PLEASE NOTE : ENDORSEMENTS ARE TO BE SENT ONLY TO
Vikash Kumar <vikash@wghr.org.

Public Statement Opposing Selection of Mr. S.C.Sinha (IPS – former NIA Chief) and Justice Cyriac Joseph (former Judge of Supreme Court of India) to the NHRC

As members of human rights organisations, women’s rights groups, lawyers, academics and activists, who are engaged with a range of human rights issues we express our strong opposition and disagreement with the recent selections of new members to the National Human Rights Commission (NHRC). We assert that the guiding principles for appointing members to the NHRC are: that they must be persons with a proven track record and experience in the field of human rights; the composition must reflect the plurality and diversity of peoples, particularly the vulnerable and marginalised communities in the country; and the process must be transparent and the appointments credible and must inspire confidence.

We are disturbed to learn from media reports that the Appointment Committee of the NHRC has completed its selection process for the two positions which became vacant with the retirement of Mr. P.C. Sharma (IPS retd.) on 27th June 2012 and Justice G.P. Mathur on 18th Jan’ 2013, with the selection of:

[i] Mr. S.C. Sinha, Former Chief of the National Investigating Agency [NIA]

[ii] Mr. Justice Cyriac Joseph, Former Judge of  the Supreme Court of  India who retired on 27thJan’ 2012

It is noteworthy that serious and credible objections have been raised against these names by 2 members of the statutory Appointments Committee of the NHRC viz. the Leader of the Opposition in the Lok Sabha and the Leader of the Opposition in the Rajya Sabha.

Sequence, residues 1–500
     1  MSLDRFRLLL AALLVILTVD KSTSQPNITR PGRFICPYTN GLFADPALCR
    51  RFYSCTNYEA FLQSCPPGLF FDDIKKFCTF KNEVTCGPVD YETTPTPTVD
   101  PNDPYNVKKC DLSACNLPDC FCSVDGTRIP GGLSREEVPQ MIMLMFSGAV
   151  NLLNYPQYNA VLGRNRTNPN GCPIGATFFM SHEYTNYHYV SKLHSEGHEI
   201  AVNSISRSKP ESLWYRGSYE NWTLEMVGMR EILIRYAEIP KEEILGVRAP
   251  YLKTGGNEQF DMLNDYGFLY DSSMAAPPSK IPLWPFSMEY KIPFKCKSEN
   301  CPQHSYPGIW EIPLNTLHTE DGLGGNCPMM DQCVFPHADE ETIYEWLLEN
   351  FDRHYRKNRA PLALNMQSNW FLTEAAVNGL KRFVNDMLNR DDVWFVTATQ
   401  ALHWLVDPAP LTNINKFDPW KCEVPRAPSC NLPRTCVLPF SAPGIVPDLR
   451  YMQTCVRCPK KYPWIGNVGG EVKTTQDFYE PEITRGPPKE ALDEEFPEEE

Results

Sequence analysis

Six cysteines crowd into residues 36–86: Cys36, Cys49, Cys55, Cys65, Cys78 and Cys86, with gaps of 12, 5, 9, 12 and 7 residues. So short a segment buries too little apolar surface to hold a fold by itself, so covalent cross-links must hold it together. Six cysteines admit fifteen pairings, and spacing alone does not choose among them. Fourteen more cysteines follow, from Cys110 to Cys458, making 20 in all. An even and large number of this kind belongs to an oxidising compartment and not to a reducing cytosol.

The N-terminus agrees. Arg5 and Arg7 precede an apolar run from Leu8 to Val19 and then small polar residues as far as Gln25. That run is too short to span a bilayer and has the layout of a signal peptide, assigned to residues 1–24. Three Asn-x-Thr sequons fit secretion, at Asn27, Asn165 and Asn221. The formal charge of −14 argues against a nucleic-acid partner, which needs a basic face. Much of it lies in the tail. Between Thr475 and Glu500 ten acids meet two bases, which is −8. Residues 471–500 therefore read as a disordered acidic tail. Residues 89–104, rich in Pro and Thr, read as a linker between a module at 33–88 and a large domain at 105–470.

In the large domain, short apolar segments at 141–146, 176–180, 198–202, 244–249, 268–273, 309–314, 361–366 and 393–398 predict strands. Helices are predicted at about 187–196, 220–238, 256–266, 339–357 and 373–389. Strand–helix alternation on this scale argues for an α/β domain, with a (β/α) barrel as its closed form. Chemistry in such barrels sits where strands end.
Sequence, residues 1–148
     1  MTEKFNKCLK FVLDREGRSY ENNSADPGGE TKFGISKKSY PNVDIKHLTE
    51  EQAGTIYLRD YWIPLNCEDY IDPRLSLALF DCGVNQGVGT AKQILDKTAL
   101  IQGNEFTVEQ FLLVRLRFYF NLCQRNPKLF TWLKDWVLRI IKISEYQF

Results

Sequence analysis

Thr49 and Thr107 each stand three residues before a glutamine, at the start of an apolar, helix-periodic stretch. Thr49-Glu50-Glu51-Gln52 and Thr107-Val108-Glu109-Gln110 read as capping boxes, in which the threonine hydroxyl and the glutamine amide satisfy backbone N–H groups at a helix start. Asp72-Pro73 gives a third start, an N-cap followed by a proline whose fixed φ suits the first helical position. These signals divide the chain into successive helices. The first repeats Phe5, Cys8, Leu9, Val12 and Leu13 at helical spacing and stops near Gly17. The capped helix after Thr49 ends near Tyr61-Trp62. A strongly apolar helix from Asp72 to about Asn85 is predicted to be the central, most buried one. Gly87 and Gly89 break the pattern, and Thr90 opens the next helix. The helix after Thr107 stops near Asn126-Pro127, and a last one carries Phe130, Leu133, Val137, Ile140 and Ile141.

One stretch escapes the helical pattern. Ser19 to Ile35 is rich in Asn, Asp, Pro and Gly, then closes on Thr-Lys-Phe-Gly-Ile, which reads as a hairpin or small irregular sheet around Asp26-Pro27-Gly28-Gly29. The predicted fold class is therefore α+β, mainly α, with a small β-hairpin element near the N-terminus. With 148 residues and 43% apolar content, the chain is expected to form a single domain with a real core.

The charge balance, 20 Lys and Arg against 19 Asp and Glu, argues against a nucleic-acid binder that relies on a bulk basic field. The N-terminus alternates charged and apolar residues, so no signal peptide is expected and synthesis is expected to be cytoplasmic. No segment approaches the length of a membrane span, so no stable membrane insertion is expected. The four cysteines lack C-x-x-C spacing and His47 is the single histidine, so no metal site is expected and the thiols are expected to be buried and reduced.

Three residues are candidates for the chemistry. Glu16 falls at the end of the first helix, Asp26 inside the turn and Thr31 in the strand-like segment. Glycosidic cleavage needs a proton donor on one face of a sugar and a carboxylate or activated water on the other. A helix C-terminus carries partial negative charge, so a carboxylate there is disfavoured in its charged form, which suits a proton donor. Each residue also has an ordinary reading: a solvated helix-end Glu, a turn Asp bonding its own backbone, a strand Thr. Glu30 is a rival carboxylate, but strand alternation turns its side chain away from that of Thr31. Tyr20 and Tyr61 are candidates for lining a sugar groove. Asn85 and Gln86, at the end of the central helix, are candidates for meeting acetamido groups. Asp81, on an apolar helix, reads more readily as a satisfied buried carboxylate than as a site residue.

The Paris Principles 1993 prescribe the minimum standards required by national human rights institutions to be considered credible and to operate effectively, among which the composition of the Commission is crucial. The Paris Principles underscore pluralism, diversity and transparency. The International Coordinating Committee of National Institutions for the Promotion and Protection of Human Rights Sub-Committee on Accreditation (ICC-SCA), has on 9th June, 2011, recommended that the limited recruitment process of the Indian NHRC be altered as it restricts diversity and plurality in membership.1The UN Special Rapporteur on the situation of Human Rights Defenders, Margaret Sekkagya, after an official country visit to India has also recommended “that the functioning of the national commission be strengthened by, inter alia, broadening the selection criteria for the appointment of the Chair and diversifying the composition of the Commission, including regarding gender”2.

It is important to highlight that the vacancy created by the completion of tenure of Mr. P.C. Sharma IPS [Retd.], belongs to the category under Sec. 3(2)(d) of The Protection of Human Rights Act, 1993, which provides for, ”two Members to be appointed from amongst persons having knowledge of, or practical experience in, matters relating to human rights’.

It is indeed shocking and shameful that the government has selected a former IPS police officer, Mr. S.C. Sinha, former NIA Chief, as member of NHRC under this clause. It is a matter of record that the highest number of complaints received by the NHRC annually are against police torture, harassment and brutality. This appointment is in contravention of The Protection of Human Rights Act, 1993, the Paris Principles, and amounts to an abuse of power. In a country that boasts of a large number of prominent human rights and women’s rights activists, the appointment of a Police Officer under this category, is unacceptable and deserves to be set aside.

The consistent violation of the mandate of the Protection of Human Rights Act, the Paris Principles and the principles of pluralism and diversity is apparent from the following facts:-